The USDA estimates that 6,000 West Virginia farmers suffered damage as a result of the flooding in late June. Farmers lost over $3 million worth of crops, livestock, and fencing. But more than the monetary cost- there’s also an emotional toll that’s affecting some of these farmers. One couple in Greenbrier County says they almost gave up after losing two dozen of their rabbits, and all of their vegetable crops, in the high water.
Caroline Smith is smiling as she holds a tiny charcoal-colored bunny close to her chest.
This bunny was part of a litter that was born just 2 weeks after the flood. It’s mother was one of the few females to survive.
Another survivor rabbit is a plump silver bunny named Joplin who managed to swim, or float, fifty feet from her cage during the flood. Caroline and her husband Michael Buttrill raise these meat rabbits on their small farm, called Bootstraps Farm, located in an area of Greenbrier County that’s heavily logged.
Caroline and Michael admit that farming hasn’t been the most lucrative career path. They invested about $140,000 into the land and equipment. They’re able to scrape by and pay the bills partly because Caroline works two part time jobs off the farm. They’ve put all of their savings and most of their free time into this farm. Then in June, they lost it all to the flood.
“It’s been extremely difficult. These are the most challenging things we’ve ever been through, easily,” said Michael Buttrill.
Michael and Caroline were spending a rare weekend out of town at a family reunion when waters began to rise. Back at home, their neighbor drowned, and their farm was submerged in water.
Michael says their friends called and tried to prepare them for what lay ahead.
“I thought, ok, I’ll prepare myself, I’ll expect the worst and hope for the best as you try to do. I tried to think about the worst and it didn’t even come close. Our valley was the Mississippi river for about three hours, and our lives were in between the banks. “
Michael and Caroline lost thousands of dollars in tools and equipment. Their greenhouse- gone. The topsoil in their garden was washed down the valley.
But worst of all, Michael says he almost lost his will to farm.
“I expect this to happen again in 50 years. And I kind of feel foolish now. You know, I feel like...why...am I living here? Why am I building this organic farm in a drainpipe? And I don’t want to feel that way.. but you got to face the facts.”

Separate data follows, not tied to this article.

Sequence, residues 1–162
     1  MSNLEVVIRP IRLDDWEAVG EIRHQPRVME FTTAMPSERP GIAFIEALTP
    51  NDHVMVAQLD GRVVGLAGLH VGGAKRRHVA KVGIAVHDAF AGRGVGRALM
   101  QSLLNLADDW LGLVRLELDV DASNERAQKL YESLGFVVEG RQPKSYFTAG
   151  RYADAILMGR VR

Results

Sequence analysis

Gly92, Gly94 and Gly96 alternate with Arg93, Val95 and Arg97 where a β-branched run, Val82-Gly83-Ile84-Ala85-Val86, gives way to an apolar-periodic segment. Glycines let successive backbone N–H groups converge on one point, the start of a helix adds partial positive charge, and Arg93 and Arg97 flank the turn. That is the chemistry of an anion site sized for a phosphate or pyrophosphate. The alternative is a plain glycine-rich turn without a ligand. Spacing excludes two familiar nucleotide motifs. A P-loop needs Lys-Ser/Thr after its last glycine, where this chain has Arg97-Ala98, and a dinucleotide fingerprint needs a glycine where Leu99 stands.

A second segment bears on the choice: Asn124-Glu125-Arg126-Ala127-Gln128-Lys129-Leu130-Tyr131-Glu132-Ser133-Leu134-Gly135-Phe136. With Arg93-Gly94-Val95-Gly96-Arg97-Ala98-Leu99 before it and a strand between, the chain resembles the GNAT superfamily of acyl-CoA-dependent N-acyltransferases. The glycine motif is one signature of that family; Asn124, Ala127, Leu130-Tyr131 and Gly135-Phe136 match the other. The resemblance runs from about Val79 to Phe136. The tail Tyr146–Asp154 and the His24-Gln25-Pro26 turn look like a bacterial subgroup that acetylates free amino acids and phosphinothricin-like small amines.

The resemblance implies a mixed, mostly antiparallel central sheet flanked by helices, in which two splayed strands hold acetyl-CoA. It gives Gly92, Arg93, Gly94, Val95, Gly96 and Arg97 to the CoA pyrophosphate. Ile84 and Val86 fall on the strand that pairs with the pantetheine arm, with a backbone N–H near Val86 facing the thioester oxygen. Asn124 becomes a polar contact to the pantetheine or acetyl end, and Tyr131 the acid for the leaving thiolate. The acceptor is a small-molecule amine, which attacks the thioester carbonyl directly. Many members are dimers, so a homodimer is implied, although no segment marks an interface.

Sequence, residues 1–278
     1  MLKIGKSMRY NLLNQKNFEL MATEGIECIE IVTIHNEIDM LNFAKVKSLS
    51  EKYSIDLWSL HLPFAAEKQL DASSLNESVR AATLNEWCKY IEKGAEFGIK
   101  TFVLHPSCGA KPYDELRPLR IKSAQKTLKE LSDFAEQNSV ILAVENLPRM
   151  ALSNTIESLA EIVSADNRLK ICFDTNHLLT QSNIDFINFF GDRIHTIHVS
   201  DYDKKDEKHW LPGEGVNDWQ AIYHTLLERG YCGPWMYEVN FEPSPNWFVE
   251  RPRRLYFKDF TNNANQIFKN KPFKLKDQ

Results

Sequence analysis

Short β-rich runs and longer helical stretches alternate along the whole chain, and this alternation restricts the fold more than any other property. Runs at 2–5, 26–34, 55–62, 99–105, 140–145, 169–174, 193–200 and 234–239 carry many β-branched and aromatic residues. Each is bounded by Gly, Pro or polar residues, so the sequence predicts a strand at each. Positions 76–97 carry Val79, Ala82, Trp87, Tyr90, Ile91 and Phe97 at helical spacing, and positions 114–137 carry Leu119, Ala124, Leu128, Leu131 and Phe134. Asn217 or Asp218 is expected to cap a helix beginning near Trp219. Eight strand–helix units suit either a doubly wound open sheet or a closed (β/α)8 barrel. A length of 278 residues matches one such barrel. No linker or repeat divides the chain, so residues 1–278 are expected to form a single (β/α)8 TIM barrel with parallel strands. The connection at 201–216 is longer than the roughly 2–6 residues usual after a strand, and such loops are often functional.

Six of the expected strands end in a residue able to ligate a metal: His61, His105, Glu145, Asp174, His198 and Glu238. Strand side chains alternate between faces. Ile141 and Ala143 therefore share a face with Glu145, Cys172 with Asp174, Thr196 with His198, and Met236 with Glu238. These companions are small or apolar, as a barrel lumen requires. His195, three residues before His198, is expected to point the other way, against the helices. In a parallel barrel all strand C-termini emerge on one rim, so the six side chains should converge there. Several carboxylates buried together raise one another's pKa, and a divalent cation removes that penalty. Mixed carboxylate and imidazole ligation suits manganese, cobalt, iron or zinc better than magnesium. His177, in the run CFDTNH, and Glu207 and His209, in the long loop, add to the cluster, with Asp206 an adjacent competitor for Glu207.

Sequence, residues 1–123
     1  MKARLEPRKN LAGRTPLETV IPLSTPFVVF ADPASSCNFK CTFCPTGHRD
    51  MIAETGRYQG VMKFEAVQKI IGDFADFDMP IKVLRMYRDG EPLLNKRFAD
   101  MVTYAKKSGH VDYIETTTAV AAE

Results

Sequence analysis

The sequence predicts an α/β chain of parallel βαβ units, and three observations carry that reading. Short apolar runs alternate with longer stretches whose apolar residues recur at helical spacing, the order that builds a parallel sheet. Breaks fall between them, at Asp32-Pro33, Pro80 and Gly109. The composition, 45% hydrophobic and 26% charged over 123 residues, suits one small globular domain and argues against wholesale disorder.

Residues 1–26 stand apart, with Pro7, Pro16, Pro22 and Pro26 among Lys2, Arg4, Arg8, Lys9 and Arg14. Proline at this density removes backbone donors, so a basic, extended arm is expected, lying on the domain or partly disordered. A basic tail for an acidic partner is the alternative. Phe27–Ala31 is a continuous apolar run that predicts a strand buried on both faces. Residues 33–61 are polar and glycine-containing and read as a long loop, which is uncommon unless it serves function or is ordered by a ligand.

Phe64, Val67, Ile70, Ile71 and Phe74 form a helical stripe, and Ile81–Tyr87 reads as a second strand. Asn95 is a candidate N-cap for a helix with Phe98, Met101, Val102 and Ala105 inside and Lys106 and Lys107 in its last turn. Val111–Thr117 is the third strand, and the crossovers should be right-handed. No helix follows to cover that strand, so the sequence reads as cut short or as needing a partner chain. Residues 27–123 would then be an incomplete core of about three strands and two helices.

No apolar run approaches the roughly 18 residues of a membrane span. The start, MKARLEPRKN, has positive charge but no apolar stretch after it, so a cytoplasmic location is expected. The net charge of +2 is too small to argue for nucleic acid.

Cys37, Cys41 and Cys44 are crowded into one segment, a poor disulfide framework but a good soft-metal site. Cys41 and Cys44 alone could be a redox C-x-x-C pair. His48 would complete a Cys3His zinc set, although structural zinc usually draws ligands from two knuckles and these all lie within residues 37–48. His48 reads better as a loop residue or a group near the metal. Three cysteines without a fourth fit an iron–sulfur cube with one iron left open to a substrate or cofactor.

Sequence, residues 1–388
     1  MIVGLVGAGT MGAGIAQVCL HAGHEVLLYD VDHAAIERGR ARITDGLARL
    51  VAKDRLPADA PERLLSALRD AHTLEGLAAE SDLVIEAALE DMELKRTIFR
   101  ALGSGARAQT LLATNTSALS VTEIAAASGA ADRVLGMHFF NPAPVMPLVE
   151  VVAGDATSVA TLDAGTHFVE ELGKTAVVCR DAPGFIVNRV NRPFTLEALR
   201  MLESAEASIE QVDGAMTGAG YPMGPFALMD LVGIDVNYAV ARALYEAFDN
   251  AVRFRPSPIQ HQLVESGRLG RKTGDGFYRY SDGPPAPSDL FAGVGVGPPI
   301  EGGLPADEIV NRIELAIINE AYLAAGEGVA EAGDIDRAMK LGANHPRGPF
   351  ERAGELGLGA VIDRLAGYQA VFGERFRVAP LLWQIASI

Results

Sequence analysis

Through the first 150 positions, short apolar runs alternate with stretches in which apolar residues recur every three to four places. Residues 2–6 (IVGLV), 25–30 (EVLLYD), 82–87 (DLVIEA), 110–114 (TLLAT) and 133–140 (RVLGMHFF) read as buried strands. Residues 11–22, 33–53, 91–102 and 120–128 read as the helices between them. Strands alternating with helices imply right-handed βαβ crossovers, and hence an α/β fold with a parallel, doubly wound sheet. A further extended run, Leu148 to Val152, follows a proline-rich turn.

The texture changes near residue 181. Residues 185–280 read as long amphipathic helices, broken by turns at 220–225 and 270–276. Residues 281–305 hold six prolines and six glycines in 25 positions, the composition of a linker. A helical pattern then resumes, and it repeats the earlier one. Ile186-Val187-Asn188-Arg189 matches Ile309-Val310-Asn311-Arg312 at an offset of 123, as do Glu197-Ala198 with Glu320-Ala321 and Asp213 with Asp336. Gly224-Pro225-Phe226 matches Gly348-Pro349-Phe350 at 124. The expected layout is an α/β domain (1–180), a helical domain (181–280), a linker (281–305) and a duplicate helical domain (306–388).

Rick Snuffer is the state executive director of the USDA Farm Service Agency (FSA) in West Virginia. He’s talked with farmers who, like Michael, have been beaten down by this flood.
His agency has requested $3 million from the federal government to help compensate farmers who lost livestock, crops, fencing in the floods. But that money has not been released yet. Snuffer says they hope to being granting compensation to farmers in about a month.
Out-of-state farmers have also pitched in to help. Many are offering hay and animal feed to support West Virginia farmers. The FSA is working to coordinate those donations to farmers whose animals need food this winter.
A month after the flood, a FSA employee visited Michael and Caroline on Bootstrap farm. The assistance worker helped Michael fill out a claim to help pay for some of their losses. Michael and Caroline also received a $500 check from Farm Aid.
Still, the biggest help came from a go fund me campaign that their friends started online. Michael says it’s giving them more than just money. “There was a time there right after the flood when I thought, I’m moving, I’m giving up. But I said, all these people believe in what we’re doing. I can’t give up. I’m gonna stay.”
So Bootstraps farm is starting to come back. Caroline and Michael have replanted their garden, and as long as they don’t get an early frost, they’re hoping to be able to sell vegetables throughout the autumn harvest. And they’ve learned from this flood. They’ve moved their rabbit hutches higher in the air, and they hope that next time, they’ll be able to protect their bunnies from flood waters.